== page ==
This is about Scottish football but I take a while to get there. And I don’t think you’re going to like it, but something has been bothering me with all this news about Greece, there’s been a little dissonance.
Greece has come through seven years of devastating poverty and economic turmoil, the like of which has not been seen anywhere else in Europe, and within weeks it could get a lot worse.
Many Greeks with economically portable skills emigrated. Those left, the old, the infirm, the unskilled, and those who don’t want to abandon their family or country, have been left to deal with the consequences of a debt which dwarves their earning capacity.
Greece joined the euro and overnight were able to borrow money at cheaper rates than ever before. They borrowed and invested, but poor governments and lax taxation systems left them vulnerable. When the crash came, Greece was hopelessly unable to pay its debts, largely owned to German and French banks.
Back in 2008 the world’s banking system was on the verge of collapse. It is not an exaggeration to say that our economies, jobs, welfare systems, public services and more, were in jeopardy. Governments took steps to keep the banks afloat, but Greece owned money beyond their borders.
If they still had the capacity to issue their own currency, they would have defaulted, offered their creditors 10 lepta to the drachma, and quickly moved on. Prices would have skyrocketed overnight, many people would have been priced out of the basics, but tourists would have flooded in, as would new employers, to take advantage of the newly cheap Greek labour.
But since 2002 Greece has been using the euro. They could not print euros after the crash so had to come to a deal with their creditors, and that meant paying all their debts, in particular to the German banks who loaned them money, at an appropriate interest rate, years earlier.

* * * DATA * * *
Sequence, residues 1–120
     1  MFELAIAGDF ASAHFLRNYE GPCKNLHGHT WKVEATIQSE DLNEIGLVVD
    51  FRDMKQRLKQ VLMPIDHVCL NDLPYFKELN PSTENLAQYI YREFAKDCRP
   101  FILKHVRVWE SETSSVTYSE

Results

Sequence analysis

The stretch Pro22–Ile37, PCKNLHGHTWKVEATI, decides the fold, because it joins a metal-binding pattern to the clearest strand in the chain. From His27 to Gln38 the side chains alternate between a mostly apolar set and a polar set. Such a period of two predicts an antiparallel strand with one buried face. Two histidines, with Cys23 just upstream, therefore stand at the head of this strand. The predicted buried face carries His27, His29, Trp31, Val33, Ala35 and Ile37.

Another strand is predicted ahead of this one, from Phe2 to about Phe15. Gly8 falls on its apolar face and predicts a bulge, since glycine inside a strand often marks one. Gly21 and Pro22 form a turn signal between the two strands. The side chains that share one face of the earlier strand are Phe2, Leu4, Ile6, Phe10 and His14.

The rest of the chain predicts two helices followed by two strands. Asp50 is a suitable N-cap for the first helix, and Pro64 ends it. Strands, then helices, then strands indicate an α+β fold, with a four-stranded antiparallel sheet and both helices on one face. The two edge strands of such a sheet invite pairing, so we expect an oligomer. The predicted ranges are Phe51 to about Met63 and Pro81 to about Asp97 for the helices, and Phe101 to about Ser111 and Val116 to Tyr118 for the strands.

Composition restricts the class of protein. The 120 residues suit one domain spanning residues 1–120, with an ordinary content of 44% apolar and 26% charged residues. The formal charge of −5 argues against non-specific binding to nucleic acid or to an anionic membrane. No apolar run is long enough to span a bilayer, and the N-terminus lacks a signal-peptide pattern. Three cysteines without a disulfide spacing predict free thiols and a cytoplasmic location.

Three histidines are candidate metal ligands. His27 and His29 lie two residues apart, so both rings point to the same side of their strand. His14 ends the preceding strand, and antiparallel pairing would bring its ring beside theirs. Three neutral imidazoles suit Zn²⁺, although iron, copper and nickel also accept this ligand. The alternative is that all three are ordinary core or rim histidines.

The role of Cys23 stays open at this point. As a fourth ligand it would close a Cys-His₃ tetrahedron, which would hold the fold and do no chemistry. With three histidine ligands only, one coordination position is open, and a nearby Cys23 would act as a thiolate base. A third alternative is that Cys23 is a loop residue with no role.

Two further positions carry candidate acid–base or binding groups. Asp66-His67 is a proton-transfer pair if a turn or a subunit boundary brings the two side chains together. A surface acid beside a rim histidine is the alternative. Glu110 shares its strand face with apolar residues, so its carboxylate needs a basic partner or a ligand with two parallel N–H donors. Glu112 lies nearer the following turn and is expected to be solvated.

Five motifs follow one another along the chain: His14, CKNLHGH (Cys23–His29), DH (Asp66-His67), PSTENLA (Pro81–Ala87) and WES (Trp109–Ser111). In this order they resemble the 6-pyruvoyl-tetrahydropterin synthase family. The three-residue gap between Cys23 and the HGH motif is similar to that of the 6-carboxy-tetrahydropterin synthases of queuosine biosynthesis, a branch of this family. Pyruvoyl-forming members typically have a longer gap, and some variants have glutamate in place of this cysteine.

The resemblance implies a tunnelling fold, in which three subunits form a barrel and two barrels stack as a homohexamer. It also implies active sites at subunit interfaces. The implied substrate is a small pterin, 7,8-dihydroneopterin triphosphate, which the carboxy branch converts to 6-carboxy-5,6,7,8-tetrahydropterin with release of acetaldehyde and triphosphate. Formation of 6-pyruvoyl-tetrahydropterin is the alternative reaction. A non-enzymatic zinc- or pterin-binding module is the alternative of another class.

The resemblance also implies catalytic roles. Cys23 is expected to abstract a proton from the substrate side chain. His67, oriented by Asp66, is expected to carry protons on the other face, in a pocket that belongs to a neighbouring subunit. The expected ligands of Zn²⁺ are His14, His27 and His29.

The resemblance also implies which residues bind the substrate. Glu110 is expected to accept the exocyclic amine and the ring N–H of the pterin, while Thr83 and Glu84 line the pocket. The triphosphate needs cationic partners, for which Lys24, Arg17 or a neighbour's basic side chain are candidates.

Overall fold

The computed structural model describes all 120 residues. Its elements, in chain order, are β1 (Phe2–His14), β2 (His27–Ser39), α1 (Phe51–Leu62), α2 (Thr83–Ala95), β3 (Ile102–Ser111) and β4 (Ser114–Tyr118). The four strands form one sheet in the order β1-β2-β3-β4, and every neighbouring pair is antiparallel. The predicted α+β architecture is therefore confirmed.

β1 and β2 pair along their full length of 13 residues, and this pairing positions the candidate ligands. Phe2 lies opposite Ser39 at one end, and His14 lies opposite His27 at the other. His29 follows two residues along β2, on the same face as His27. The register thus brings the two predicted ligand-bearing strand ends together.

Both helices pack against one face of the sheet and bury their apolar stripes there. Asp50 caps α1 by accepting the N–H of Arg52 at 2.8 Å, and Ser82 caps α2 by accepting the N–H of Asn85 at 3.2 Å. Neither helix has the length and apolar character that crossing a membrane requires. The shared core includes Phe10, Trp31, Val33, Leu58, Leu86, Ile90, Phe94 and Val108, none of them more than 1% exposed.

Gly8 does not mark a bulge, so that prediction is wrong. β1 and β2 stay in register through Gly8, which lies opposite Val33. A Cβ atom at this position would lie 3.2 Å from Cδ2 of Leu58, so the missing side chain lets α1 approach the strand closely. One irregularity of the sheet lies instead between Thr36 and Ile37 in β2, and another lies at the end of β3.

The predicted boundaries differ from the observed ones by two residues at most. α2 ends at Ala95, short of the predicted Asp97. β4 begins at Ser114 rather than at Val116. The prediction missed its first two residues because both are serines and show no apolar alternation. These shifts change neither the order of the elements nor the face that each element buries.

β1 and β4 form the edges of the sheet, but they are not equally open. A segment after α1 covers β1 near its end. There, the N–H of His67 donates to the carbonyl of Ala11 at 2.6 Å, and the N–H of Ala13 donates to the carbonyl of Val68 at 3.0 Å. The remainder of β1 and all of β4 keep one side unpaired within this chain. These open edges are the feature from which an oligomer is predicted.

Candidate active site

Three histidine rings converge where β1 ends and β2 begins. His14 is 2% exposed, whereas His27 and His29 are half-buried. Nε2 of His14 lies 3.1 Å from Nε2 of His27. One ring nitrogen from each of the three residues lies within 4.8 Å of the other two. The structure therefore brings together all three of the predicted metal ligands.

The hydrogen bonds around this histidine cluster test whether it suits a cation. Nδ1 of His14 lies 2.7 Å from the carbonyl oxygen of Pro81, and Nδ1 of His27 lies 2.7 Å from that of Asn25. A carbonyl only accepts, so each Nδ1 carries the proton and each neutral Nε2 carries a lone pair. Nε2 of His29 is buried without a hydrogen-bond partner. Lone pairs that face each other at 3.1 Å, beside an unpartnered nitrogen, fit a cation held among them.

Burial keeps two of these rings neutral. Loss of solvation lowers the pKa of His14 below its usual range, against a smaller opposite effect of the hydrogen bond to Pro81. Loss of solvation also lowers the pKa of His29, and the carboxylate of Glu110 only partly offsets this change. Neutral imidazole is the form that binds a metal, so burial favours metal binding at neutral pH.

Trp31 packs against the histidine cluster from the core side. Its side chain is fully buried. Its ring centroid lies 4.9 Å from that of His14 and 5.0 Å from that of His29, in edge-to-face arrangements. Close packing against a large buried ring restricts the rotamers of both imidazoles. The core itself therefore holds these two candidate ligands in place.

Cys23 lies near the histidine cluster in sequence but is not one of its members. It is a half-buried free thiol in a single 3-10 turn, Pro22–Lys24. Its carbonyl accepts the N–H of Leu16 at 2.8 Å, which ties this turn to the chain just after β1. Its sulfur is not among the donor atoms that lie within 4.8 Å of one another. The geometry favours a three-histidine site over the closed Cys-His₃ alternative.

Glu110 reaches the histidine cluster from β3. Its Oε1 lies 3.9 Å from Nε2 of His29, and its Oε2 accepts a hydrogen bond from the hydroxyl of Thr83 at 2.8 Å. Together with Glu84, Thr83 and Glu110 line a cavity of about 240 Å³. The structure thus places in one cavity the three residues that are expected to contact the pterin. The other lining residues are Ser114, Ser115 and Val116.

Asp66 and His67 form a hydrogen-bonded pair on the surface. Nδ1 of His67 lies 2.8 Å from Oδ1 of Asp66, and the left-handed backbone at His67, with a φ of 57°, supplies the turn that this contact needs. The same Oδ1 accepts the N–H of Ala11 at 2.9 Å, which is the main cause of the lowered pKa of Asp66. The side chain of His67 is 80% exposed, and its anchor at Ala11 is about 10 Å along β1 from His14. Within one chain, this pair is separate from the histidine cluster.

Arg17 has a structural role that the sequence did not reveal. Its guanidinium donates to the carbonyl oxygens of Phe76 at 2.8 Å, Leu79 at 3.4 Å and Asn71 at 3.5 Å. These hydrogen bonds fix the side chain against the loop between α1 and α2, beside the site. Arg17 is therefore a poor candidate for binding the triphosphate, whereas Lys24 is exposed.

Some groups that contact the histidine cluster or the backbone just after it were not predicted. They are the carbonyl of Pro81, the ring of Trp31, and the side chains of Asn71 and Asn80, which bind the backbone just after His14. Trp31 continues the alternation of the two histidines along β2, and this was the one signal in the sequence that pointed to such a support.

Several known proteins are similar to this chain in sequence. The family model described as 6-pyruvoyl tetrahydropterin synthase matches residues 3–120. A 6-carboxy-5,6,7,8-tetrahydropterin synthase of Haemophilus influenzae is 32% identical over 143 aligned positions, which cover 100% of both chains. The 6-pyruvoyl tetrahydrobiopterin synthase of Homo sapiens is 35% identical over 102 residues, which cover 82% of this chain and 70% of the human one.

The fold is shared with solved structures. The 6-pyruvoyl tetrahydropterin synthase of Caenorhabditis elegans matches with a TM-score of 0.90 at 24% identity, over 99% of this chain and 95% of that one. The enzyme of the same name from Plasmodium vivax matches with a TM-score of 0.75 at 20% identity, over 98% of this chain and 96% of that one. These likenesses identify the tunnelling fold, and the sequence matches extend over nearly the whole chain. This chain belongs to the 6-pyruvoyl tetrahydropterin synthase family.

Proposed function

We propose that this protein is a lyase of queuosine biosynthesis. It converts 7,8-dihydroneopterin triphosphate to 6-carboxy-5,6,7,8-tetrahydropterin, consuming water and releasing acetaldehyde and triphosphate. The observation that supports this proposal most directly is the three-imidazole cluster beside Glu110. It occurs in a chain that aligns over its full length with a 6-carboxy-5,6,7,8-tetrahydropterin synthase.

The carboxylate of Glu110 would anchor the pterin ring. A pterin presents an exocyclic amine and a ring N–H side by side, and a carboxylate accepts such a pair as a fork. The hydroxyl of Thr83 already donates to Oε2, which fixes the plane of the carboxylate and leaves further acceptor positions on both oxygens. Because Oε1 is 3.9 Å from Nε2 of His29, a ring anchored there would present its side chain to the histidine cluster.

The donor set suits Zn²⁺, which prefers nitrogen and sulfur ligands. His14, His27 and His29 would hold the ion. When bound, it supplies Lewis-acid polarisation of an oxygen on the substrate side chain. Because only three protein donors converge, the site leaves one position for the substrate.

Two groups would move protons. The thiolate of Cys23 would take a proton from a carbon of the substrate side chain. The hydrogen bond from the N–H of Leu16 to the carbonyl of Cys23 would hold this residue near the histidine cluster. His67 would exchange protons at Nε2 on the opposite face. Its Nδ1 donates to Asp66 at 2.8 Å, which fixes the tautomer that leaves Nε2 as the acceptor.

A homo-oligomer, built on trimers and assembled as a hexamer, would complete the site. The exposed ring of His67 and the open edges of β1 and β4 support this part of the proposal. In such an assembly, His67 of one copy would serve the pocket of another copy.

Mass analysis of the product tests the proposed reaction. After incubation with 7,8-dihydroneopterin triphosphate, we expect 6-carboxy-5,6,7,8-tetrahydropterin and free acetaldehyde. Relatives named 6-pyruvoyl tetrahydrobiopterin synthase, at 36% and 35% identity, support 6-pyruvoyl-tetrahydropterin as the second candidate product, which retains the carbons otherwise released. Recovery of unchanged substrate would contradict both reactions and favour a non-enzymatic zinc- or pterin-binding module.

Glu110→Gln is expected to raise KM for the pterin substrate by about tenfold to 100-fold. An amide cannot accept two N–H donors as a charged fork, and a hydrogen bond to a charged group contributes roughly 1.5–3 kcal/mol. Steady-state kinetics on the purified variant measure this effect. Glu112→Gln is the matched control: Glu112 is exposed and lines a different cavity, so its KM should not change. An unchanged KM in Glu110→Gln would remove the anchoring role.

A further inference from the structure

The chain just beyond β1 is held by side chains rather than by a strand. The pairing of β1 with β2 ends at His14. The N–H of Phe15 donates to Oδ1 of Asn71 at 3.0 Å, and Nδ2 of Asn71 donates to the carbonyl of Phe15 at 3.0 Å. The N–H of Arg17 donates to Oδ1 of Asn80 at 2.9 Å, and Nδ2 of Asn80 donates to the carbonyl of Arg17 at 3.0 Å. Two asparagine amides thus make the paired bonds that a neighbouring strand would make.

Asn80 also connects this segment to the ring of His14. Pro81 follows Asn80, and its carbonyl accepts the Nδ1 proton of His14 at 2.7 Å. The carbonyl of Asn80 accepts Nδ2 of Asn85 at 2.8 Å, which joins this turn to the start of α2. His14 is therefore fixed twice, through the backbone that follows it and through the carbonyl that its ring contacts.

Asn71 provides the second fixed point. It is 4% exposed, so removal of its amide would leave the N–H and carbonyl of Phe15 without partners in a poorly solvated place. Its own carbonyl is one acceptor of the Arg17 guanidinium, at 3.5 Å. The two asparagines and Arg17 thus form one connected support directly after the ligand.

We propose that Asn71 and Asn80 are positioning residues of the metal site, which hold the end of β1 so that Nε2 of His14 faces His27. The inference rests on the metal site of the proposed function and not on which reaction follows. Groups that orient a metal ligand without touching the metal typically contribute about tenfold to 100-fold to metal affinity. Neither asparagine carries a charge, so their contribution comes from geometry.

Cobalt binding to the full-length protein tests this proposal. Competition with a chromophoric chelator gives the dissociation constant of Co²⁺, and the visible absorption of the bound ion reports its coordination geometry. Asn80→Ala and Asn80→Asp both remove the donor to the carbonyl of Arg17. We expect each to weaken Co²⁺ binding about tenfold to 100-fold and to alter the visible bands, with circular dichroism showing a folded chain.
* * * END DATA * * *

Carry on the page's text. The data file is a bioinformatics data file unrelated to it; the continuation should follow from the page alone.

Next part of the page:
It was appalling. Greece was not blameless, no European governments – or ultimately their electorates – were, but they were boxed into a corner and forced into a deal. Foreign banks, who were well-placed to weigh-up the commercial risk of their Greek loans, were beneficiaries of the squeeze put on some of Europe’s poorest people.
In January this year Greece elected a radical government. Syriza were voted in on a ticket to renegotiate the terms of what the world calls the ‘bailout’.
The bailout is an affront to the European Union, the IMF and the European Central Bank. The world’s governments needed to protect their banks to prevent complete collapse, but the deal imposed on Greek citizens is pernicious and disproportionate.
A game of brinksmanship is going on between Greece and their lenders, the Troika. Syriza are mandated for one thing and one thing only, renegotiate the current deal. I admire their resolve and hope the Troika accommodate their request for change, but the consequence of a failure to find an agreement is enormous, the like of which we have never seen in a modern economy. Those sitting at the Syriza side of the table know they may be marching their citizens off the edge of a cliff.
What’s this got to do with Scottish football?
For the Troika, read Mike Ashley, he was the lender of last resort, he was also the beneficiary of the loans. In fact, he loaned Newco money he’d already made from them. Those loans came with pernicious conditions. The profits he’ll earn from seven years merchandise rights are spectacular – and they will come from what I could argue is the most impoverished football club in Europe. Mike is the ugly face of capitalism (and there are pretty faces).
The analogy is not perfect. Rangers spectacularly defaulted. Newco’s early years have been more painful than they necessarily could have been, largely as a consequence of an organised group of Real Rangers Men who were determined to grab control of Newco’s assets for as cheap a price as possible. But if you are an unskilled Greek living on handouts, or an easily-led Rangers fan, who just wanted to watch his team, you were not the architect of your own misery.
Alexis Tsipras is no Dave King, he is an engaging leader and is not a criminal, but if he leads Greece into an abyss, he will be guilty of one of the classic failures of leadership – telling people what they want to hear in order to gain power, without any way of delivering on the promises made.
King may be doing the same. He strikes me as a man intent on recreating Jonestown in Govan. Unlike Tsipras, who appears to be making progress with his creditors, King has inspired division and boycott. I can’t picture him now without scenes from Jonestown flashing through my mind.
While I know I’m stretching the analogy between Greece and Rangers, there are many who have lost their livelihood, or football club, through the fault of more powerful men, who were paid to look out for their interests.
Mike Ashley is a figure of fun for us but be sure, he is not our ally. Our enemy’s enemy is not our friend. He’s just another in a long line of naked opportunists we were wise enough to avoid.